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Turkish Coffee and Middle-Eastern Coffee

Turkish Coffee and Middle-Eastern Coffee

Turkish coffee is a very flavorful, strong coffee. Before explaining the preparation of Turkish coffee, it is first necesary to understand what a Turkish coffee pot is, what a Turkish coffee cup is, and what a Turkish coffee grinder is.

Turkish coffee is drunk in the Middle East, in Northern and Eastern Africa, in Greece, in the Balkans, and of course, in Turkey. The Turkish coffee maker is called an "ibrik" in Arabic, and a "cezve" in Turkish.

An ibrik (or cezve) has a wide bottom and a narrow neck. The ibrik (cezve) also has a long handle, so that it can be moved to and from the stovetop easily. Traditionally, ibriks (cezves) are made of copper or brass. Originally, Turkish coffee was made over a charcoal fire made directly on the hot sand in desert regions around the Mediterranean.

The traditional Turkish coffee cup is called a "fincan." The fincan is very small, having a serving size of about 2 ounces (1/4 cup) of Turkish coffee.

"Kahve degirmeni" is the Turkish coffee grinder. The kahve degirmeni is long, having a tubular design containing burrs that grind the coffee to a fine powder. A more traditional way to grind the coffee is to place the freshly (medium) roasted coffee beans in a mortar and pestle, and to pound them until you get a fine coffee powder.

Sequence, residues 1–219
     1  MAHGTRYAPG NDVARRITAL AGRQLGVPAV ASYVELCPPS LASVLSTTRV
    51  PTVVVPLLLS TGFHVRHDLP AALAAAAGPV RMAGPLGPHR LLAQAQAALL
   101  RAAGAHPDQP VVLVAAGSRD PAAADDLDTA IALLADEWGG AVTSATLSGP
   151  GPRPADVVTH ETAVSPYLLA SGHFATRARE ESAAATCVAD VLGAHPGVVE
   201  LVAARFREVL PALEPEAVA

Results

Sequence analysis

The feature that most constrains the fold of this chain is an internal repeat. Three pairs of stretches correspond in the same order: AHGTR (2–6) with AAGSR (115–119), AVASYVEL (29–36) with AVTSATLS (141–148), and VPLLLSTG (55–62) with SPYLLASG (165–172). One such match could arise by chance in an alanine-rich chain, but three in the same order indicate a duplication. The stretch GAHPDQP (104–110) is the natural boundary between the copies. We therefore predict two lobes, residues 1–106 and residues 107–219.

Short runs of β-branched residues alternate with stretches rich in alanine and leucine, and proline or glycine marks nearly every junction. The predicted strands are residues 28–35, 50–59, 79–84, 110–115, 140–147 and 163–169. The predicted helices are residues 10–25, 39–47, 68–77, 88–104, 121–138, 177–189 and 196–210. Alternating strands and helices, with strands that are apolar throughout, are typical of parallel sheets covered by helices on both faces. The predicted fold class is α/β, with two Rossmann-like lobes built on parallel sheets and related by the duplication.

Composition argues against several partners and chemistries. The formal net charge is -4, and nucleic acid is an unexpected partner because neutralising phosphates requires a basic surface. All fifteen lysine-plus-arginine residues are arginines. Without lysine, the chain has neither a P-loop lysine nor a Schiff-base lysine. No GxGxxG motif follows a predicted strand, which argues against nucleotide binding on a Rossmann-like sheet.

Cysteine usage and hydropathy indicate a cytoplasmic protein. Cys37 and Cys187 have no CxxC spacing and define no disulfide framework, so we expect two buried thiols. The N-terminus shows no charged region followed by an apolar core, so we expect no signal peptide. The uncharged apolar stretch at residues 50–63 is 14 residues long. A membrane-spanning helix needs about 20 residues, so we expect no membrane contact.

To prepare Turkish coffee, put 1 tablespoon of powdered coffee into the ibrik (or cezve) for each fincan, together with 2 ounces (1/4 cup) of water per fincan. The ingredients should fill the ibrik to just below the "neck," so it is advisable to own several sizes of ibriks to enable preparation of different amounts of Turkish coffee.

The traditional brewing process takes 15-20 minutes. Gently bring the mixture to frothing boil on the stovetop. Just before the froth goes over the top, remove the ibrik from the heat, and allow the froth to recede. (To speed the process you can stir the mixture.) Once the froth has receded, place the ibrik back on the heat, and repeat the frothing process. After the third frothing, pour a bit of the froth into each fincan to reduce the volume in the ibrik. Put the ibrik back on the heat for the forth frothing boil. Then pour the coffee immediately into the fincans.

Wait about a minute for the grounds to settle. You can start sipping the coffee at this point, but be careful not to drink the "mud" (grounds) in the bottom of the fincan.

In Turkey, you can order one of the four "Türk kahvesi" (Turkish coffees): sade, az sekerli, orta sekerli, or cok sekerly. Or you can order "American-style" coffee.

Sade is plain Turkish coffee, with no sugar. It can be fairly bitter. Az sekerli is Turkish coffee with a moderate amount of sugar - half a tablespoon per fincan. Orta sekerli is sweet Turkish coffee with medium sugar - about a tablespoon per fincan. And cok sekerli is very sweet Turkish coffee, using two tablespoons of sugar per fincan.

In Turkey, "American style" coffee is mainly served in restaurants and hotels. It is typically a dark roasted coffee of lower quality, but the final cup of coffee is very good. The American style coffee is always served with milk.

...written by your friends at The Coffee Brewers